Can you get by with plastic tent stakes? Sure. The thicker ones hold well in dirt and are fine for summer camping. Their T shape allows for easy extraction, and the bright yellow color really stands out. If you have them, bring them along as “deep” backup!

When to use long or heavy duty tent stakes

As I mentioned, I highly recommend replacing original tent stakes with heavy duty ones. There are certain conditions which call for long and/or heavy duty stakes. These include:

  1. High winds: Don’t depend on the weight of your gear to hold you tent down. A high wind can move you, your gear, and your tent a long way.
  2. Hard ground: Will defeat wimpy stakes.
  3. Soft ground: Particularly if you’re tenting on sand, you’ll need long tent stakes. I recommend at least 12” in length. Carry at least 4 of the 12″ stakes for sand and to guy out the tent in very heavy winds.
  4. Frozen ground.

Use a screwdriver as a make shift stake. So far, no damage to the screwdriver.

You carry an attachment for your propane. Don’t you?

The big issue here is getting the stakes out afterward. The tent stakes may pound in easily enough. But if the ground freezes during your trip, the stake will be difficult to remove. You can use a torch to heat up steel tent stakes, especially heavy duty stakes. The key here is to use a small rope to attach the stake to the loops on the tent. Then you can untie the tent and remove it to avoid setting it on fire. Also, use another stake to dig out some of the dirt underneath, then to pry up on the tent stake.
A couple other conditions to watch for:

  • Tripping on tent stakes: First, make sure the tent stakes are pounded into the ground. The only thing sticking up should be the part needed to pull up the stake. Paint the tops of your tent stakes a bright color (mine are red). This also makes them easier to find if misplaced in the dirt/ sand.
  • Not enough/no stakes (wimpy ones did not work): Screwdrivers work pretty well. I can always come up with an extra 4 or 5 screwdrivers out of my tool box.
  • Camping on a slick rock slab: You can use rocks! You cannot pound in tent stakes, so you’re forced to use rocks. Make sure you tie the cord around the rock. Don’t just set the rock on the cord. That won’t hold, regardless of how heavy the rock is. Find big rocks you can carry without hurting yourself. Use one each to tie down the tent cord. Place one more between that rock and the tent to keep the anchoring rock in place. (It acts like a door stop.) Use extras to hold down the edges of the tent, the rain fly, and the corners of the tarp.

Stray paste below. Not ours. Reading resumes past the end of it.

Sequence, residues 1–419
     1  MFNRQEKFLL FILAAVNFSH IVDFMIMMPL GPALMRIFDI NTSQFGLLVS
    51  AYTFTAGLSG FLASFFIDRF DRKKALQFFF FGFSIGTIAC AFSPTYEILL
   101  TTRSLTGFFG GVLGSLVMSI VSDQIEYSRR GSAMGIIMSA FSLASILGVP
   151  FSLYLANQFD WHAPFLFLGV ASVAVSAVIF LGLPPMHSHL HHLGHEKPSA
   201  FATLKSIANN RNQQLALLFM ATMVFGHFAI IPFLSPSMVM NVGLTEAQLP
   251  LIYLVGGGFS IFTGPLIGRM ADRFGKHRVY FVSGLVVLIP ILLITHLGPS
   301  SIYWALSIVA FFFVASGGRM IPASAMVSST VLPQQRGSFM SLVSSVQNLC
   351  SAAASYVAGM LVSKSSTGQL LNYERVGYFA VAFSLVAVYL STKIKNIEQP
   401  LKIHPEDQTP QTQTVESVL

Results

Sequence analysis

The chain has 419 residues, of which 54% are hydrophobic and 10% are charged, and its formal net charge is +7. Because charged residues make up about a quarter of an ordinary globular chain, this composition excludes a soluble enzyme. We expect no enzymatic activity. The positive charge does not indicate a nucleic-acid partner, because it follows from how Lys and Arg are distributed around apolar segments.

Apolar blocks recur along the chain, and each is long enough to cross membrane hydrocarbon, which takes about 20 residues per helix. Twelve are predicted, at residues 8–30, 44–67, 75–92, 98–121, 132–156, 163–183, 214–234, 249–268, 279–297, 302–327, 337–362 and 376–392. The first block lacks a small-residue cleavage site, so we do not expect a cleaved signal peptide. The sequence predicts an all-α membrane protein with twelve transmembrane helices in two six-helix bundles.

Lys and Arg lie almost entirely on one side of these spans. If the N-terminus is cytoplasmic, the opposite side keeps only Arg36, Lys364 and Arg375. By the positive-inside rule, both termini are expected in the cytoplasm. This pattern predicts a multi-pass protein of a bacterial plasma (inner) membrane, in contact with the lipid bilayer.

Removing tent stakes

What goes in must come out, as they say. One common frustration with campers is the difficulty of pulling out tent stakes. You can buy a tent stake puller. I have yet to find one that really seems worth carrying. They are either the size of my Hi-lift Jack (which would work if it was that bad) or they are as wimpy as the stakes they are designed to pull out.

Use another tent stake or similar tool to dig around the tent stake then pry it up. If you have a mini pry bar, try that. Twist the stake; just a quarter turn will often get it to release. Another possibility involves tying a piece of rope or chord around the stake just under the top. Depending on conditions, you might be able to pull up the tent stake. (Though you might have to loosen it first.) You may find it easier to tie the rope in loop, so you can pull up easier with two hands (A 6 foot cord tied in a loop gives the best results because it allows you to stand up and use your legs not your back). Resist the temptation to use the loop or rope sewn into the tent to pull up the stakes. If they break you have no way to set the tent up until they are repaired.

Don’t let your campout blow away – literally – due to poor staking. Buy or make heavy duty tent stakes, and you’ll rest easier.

For related reading, see Use a Checklist For Every Outing, Tom’s Tips for Tranquil Tenting, and Camp Box Tips.